In Japan and India, the ruling conservative governments are taking steps to revise aspects of these nations’ histories.
The move by Japan to amend the UN report on comfort women will surely rankle Filipinos and people of some other Asean countries and of course the Chinese and most bitterly the Koreans.
In India it’s a sweeping look at the subcontinent’s history that the Modi government wishes to introduce. The aim is to undo what nationalist Hindu
Will these history-revision plans bring us closer to the truth?
scholars see as misrepresentations and distortions of history introduced by invaders and allowed to appear in India’s history books by the successive governments of the party of the late Jawarhlal Nehru, first prime minister of independent India. He was a founder of the Congress Party that had dominated Indian national politics and governance until current Prime Minister Narendra Damodardas Modi’s Bharatiya Janata Party (BJP) swept to power last May.
Here are two Friday, Oct. 17, Tribune News Service reports from Tokyo and New Delhi:
Government requests revision of 1996 UN sex slave report
By Reiji Yoshida
Japan Times, Tokyo
The government has asked the author of a UN report that accused Japan of wartime military sexual slavery to amend the document, the top government spokesman said Thursday.
It wants Radhika Coomaraswamy, former Special Rapporteur on violence against women at the UN Human Rights Commission, to revise the document she wrote in 1996 in light of the “comfort women” reports recently retracted by the daily Asahi Shimbun, Chief Cabinet Secretary Yoshihide Suga told a news conference.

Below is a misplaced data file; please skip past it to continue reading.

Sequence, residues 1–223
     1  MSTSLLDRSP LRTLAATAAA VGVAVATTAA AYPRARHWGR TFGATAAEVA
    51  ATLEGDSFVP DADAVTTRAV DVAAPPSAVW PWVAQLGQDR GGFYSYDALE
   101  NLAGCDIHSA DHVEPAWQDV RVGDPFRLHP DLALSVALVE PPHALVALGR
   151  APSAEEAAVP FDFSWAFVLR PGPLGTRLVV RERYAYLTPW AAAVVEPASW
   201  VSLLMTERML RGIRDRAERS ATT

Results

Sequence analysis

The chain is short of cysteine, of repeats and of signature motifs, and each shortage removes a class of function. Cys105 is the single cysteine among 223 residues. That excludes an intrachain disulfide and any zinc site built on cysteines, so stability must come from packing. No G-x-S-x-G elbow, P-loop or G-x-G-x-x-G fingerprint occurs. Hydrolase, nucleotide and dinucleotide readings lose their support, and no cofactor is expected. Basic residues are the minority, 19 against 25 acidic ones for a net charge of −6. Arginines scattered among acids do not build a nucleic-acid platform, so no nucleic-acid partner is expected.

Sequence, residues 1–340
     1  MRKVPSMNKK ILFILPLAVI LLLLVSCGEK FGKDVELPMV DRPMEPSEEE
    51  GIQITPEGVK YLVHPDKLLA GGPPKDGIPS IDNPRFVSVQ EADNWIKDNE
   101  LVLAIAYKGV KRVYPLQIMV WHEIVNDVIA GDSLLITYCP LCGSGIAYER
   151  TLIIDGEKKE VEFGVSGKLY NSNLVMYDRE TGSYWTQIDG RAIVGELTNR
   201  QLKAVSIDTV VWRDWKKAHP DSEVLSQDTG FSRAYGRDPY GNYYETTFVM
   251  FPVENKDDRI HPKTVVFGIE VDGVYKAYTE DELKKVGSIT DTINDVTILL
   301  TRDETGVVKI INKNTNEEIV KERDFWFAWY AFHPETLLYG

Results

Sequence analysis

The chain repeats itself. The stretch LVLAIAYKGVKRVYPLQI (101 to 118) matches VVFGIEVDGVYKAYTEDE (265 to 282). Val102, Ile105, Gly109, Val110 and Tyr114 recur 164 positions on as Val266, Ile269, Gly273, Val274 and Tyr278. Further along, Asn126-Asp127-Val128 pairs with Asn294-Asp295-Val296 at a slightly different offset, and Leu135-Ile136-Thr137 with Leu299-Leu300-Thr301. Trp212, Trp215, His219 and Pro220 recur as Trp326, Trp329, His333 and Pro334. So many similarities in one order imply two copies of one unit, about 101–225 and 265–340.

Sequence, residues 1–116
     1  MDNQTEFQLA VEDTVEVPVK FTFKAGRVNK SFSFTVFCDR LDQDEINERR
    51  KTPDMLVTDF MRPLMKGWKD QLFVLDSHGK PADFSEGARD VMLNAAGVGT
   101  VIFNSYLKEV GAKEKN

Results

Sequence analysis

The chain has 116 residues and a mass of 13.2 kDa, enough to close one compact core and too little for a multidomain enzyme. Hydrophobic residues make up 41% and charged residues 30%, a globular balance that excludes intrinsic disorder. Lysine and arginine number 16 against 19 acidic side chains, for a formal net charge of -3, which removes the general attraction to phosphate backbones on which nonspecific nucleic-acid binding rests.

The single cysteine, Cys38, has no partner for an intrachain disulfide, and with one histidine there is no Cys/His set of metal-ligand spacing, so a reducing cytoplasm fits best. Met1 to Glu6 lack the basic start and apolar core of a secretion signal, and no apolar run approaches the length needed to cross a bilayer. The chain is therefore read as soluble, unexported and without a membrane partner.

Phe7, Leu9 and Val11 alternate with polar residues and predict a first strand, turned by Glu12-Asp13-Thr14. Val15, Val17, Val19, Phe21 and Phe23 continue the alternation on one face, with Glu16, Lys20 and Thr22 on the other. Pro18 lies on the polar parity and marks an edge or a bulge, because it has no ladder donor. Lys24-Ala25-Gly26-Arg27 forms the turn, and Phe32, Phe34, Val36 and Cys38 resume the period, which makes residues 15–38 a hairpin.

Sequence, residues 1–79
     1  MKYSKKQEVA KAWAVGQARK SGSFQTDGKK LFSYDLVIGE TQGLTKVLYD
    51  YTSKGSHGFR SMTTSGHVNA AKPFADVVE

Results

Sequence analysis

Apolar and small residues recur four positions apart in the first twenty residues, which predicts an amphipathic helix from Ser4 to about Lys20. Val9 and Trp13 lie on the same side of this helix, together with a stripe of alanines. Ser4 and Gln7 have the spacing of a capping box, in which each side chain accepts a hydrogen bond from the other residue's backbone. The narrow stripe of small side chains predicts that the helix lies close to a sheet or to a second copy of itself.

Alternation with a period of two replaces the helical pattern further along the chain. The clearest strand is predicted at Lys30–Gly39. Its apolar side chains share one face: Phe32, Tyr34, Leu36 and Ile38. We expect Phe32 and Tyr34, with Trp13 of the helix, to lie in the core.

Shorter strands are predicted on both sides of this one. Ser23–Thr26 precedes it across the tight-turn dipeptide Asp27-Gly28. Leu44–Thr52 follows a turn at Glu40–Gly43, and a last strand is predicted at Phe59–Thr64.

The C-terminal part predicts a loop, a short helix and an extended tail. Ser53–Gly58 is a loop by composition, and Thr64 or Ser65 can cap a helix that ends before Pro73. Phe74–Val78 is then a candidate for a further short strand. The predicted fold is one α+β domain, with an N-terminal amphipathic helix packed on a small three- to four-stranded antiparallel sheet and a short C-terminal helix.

In August, the newspaper retracted 16 articles from the 1980s and 1990s that quoted now discredited testimony by Seiji Yoshida, who claimed he had kidnapped hundreds of Korean women on Jeju Island and forced them into Japanese military brothels. These women, among others, later became known as the “ianfu,” or comfort women — Japan’s euphemism for the sex slaves.
Coomaraswamy’s report quoted Yoshida’s account separately from Asahi’s reports, but the retraction has given political momentum to Japanese lawmakers and scholars who want Coomaraswamy’s report retracted in its entirety.
After entertaining notions of a revision, the Cabinet of Prime Minister Shinzo Abe decided to officially uphold the statement of apology issued by then-Chief Cabinet Secretary Yohei Kono in 1993, but the government has at the same time pledged to stage a campaign to correct “wrong” information circulating worldwide.
“It’s true we have asked for correction of her view, as explained in her report, given the recent retraction of reports by Asahi Shimbun,” Suga told a news conference.
“We’d like to keep explaining our way of thinking (on comfort women issues) by using proper opportunities in the international community,” Suga acknowledged.
In September, Coomaraswamy told Kyodo News that she had no intention of correcting her report, saying her findings were mainly based on testimony by former comfort women, and Yoshida’s account was “only one piece of evidence.”
Coomaraswamy’s report was considered controversial in Japan because she concluded that the brothel system should be described as “military sexual slavery,” given “the status or condition of a person over whom any or all of the powers attaching to the right of ownership are exercised.”